A washed up singer is given a couple days to compose a chart-topping hit for an aspiring teen sensation. Though he's never written a decent lyric in his life, he sparks with an offbeat younger woman with a flair for words.
Henry Roth is a man afraid of commitment up until he meets the beautiful Lucy. They hit it off and Henry think he's finally found the girl of his dreams, until he discovers she has short-term memory loss and forgets him the very next day.
Cheery Alex Fletcher lives comfortably in Manhattan off the residuals from his 80's pop success and reprising his hits at school reunions, theme parks, and state fairs. But those gigs are declining, so he jumps at the chance to write a song and record it with reigning teen idol Cora Corman. Trouble is, he's good at melodies but needs a lyricist and has less than a week to finish. Enter Sophie Fisher, subbing for a friend who waters Alex's plants; she's a pretty good poet, quick witted, and could do it, if she'd agree. But there's some sort of shadow over her head that Alex may not be able to charm his way past. And what if they do get a song written, what then? Written by
The film's director/producer/writer Marc Lawrence offered "Dance With Me Tonight" to Hugh Grant while he was trying to find the right song to sing during one scene. What he didn't tell him was that Marc's 13-year-old son, Clyde Lawrence, wrote it. On the soundtrack, Clyde actually plays the piano. See more »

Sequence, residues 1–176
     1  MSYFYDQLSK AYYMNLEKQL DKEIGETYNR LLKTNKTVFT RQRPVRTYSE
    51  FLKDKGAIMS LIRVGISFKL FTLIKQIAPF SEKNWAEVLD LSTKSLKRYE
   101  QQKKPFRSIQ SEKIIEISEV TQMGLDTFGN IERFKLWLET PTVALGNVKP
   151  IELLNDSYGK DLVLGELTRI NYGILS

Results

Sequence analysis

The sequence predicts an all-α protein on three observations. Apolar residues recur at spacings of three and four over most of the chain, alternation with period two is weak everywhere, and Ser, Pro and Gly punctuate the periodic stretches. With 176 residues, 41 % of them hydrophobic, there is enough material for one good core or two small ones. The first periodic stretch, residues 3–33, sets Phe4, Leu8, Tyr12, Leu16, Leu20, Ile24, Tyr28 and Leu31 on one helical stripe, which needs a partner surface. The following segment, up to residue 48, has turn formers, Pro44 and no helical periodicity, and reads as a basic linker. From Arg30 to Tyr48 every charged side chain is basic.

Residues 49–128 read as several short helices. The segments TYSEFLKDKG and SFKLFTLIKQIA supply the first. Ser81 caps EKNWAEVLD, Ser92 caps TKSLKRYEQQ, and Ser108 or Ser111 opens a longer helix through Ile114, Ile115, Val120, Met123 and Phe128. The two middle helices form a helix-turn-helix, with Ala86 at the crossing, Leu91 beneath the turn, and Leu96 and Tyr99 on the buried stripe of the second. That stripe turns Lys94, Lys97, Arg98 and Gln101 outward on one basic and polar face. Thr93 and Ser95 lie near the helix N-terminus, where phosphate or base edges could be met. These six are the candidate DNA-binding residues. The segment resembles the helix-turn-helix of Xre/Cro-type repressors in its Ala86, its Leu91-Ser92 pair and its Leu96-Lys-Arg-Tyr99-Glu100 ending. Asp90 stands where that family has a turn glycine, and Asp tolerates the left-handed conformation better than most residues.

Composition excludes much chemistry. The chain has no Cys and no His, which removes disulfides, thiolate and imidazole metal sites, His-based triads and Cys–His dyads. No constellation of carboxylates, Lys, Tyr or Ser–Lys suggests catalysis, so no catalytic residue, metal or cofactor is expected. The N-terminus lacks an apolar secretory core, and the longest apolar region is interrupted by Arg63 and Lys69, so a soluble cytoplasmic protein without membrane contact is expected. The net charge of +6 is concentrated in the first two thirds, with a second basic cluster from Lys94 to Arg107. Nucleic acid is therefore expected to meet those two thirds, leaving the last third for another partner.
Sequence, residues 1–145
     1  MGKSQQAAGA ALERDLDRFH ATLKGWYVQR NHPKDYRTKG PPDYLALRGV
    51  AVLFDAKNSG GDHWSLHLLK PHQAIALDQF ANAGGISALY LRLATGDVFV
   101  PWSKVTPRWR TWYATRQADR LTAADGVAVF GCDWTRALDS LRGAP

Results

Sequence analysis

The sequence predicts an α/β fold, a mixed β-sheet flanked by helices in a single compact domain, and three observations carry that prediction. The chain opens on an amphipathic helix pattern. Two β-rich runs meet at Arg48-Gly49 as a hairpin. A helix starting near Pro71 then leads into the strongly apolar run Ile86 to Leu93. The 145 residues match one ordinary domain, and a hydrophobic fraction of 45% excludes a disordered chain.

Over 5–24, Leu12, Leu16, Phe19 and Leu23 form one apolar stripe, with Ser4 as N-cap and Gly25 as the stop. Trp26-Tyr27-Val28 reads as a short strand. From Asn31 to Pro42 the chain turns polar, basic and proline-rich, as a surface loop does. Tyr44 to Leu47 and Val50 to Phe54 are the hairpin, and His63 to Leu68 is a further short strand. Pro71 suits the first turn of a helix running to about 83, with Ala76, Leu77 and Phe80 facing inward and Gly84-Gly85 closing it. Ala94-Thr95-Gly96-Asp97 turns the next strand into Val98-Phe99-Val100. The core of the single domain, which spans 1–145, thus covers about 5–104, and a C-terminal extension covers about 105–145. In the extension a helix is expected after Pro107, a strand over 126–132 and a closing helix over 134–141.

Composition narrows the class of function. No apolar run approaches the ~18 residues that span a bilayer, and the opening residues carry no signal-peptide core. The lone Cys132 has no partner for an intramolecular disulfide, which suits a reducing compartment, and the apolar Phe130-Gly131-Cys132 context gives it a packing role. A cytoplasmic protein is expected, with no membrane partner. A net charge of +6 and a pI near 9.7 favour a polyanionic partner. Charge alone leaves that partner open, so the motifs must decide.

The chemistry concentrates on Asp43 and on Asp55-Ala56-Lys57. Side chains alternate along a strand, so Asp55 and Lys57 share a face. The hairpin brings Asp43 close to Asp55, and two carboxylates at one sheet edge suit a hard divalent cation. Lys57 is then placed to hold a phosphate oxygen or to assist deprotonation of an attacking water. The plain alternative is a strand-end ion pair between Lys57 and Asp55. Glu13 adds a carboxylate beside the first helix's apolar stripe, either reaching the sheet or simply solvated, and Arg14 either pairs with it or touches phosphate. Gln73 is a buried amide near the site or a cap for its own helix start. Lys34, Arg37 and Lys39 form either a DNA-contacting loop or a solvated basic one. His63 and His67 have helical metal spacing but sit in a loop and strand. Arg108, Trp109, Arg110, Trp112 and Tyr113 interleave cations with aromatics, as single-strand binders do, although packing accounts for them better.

During the scene where Sophie and Alex are in the café and he sings "I've got sunshine on a cloudy day..." When it cuts to the camera viewing Sophie, you can see that his lips are not synced with his vocals. See more »
It doesn't have to be perfect. Just spit it out. They're just lyrics.
Lyrics are important. They're just not as important as melody.
I really don't think you get it.
Oh. You look angry. Click your pen.
A melody is like seeing someone for the first time. The physical attraction. Sex.
I so get that.
But then, as you get to know the person, that's the lyrics. Their story. Who they are underneath. It's the combination of the two that makes it magical.
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During the end credits the video of 'Pop Goes My Heart' is played with pop-ups similar to VH1's 'Pop-up Video' See more »
I'm a fan of Hugh Grant and Drew Barrymore. Their personalities alone are enough to carry a movie. And such is definitely the case with Music and Lyrics. Hugh Grant's self-deprecating, dry sense of humor charms. And Drew Barrymore's slightly daffy girl-next-door shtick lights up the screen. These two could read me an economics book and I'd be entertained.
Music and Lyrics has its moments (campy '80s videos, shots at reality shows and pop divas), but overall, the story isn't as good as its stars. And while I love Grant and Barrymore separately, I'm not sure I love them together. Each of their personalities seems somewhat compromised in Music and Lyrics -- as if Grant's sarcasm and Barrymore's sweetness are both toned down. They meet somewhere in the middle, and it's very pleasant...but it's not as good as it could have been. Music and Lyrics is very much along the lines of Two Weeks Notice (both are written and directed by Marc Lawrence).
Bottom line: it's light fluff with some engaging stars, fun pop culture mockery and a song that will stick with you (like it or not!)
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